When deciding how to augment your baseline AV protection on the endpoint, understand the benefits and operational characteristics of each approach you’re considering. Here are a few guidelines.
Recognizing that antivirus tools are not foolproof, enterprises augment such protections with other security controls. The options for covering the AV gap on the endpoint include second-opinion antivirus, exploit mitigation, application isolation/containment, application control/whitelisting, and anti-evasion. How can enterprises assess suitability of these safeguards and pick the approaches that are best-suited for their environment? Let’s take a look.
Avoid Replicating Existing Functionality
Though the concept of defense-in-depth is highly valuable for enterprise defenders, it’s hard to justify deploying multiple security technologies that significantly overlap with each other’s capabilities. Review the security features your operating system and baseline Endpoint Protection Platform (EPP) offers. Understand the strengths and weaknesses in these approaches, then add security layers that introduce meaningful benefits without replicating existing functionality.
For instance, if you’re considering adding a second AV agent, confirm that the new tool’s approach is truly different from capabilities your baseline AV software provides. Core capabilities of most antivirus solutions involve deciding whether to allow a program to run based on its resemblance to previously-seen malware. Although they might differ in the algorithms they use to make the decision, all AVs are subject to the limitations of malware detection grounded in prior knowledge of malicious patterns.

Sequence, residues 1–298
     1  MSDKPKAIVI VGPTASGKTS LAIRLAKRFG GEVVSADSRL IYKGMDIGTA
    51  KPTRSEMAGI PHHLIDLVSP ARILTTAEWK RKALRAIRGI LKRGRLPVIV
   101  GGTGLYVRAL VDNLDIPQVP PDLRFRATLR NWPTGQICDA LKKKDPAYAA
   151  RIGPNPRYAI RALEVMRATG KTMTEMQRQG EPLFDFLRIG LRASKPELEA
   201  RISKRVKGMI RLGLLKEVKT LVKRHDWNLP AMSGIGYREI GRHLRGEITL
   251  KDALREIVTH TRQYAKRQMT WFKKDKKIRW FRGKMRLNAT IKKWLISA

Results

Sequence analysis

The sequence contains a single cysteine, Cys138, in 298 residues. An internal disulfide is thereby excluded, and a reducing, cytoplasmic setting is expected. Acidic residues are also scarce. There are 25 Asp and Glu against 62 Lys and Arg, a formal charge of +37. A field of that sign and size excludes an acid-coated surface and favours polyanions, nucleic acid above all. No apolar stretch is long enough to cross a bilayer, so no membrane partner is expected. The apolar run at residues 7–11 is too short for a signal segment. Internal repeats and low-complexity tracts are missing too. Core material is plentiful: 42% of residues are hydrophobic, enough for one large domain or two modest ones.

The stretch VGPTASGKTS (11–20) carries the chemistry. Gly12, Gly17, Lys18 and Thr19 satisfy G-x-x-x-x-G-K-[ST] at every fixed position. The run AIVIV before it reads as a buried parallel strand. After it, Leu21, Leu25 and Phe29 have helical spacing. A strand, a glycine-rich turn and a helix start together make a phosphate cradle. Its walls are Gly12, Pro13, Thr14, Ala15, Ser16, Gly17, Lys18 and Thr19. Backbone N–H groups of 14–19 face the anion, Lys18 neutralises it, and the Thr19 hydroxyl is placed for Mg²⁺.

Similarly, exploit mitigation capabilities are increasingly incorporated by Microsoft into the core of Windows 10. EPP solutions offer additional exploit mitigation capabilities to strengthen the system’s ability to withstand attacks that take advantage of unpatched vulnerabilities. With these layers in place, it might be difficult to justify adding a layer whose value proposition is grounded in exploit mitigation, as you might quickly reach the point of diminishing returns.
Understand Your Staff’s Responsibilities
Some approaches to endpoint security are more burdensome to roll out and maintain than others. Understand what tasks your staff will need to perform to not only setup the solution initially, but also to ensure its effectiveness on an ongoing basis. In addition to tuning the tool’s configuration, your staff needs to be prepared to handle any escalations that result from the product’s false positives or other issues that interfere with business activities.
For example, when deploying an application isolation solution, which contains applications in a restricted environment, you will need to define the pathways through which the app is allowed to interact with corporate resources. A configuration that’s overly-ambitious will interfere with normal user activities. On the other hand, overly-permissive restrictions will weaken the technology’s ability to prevent infections. Striking the right balance requires not only an initial effort, but also ongoing oversight to keep up with application updates, new asset locations and evolving business needs.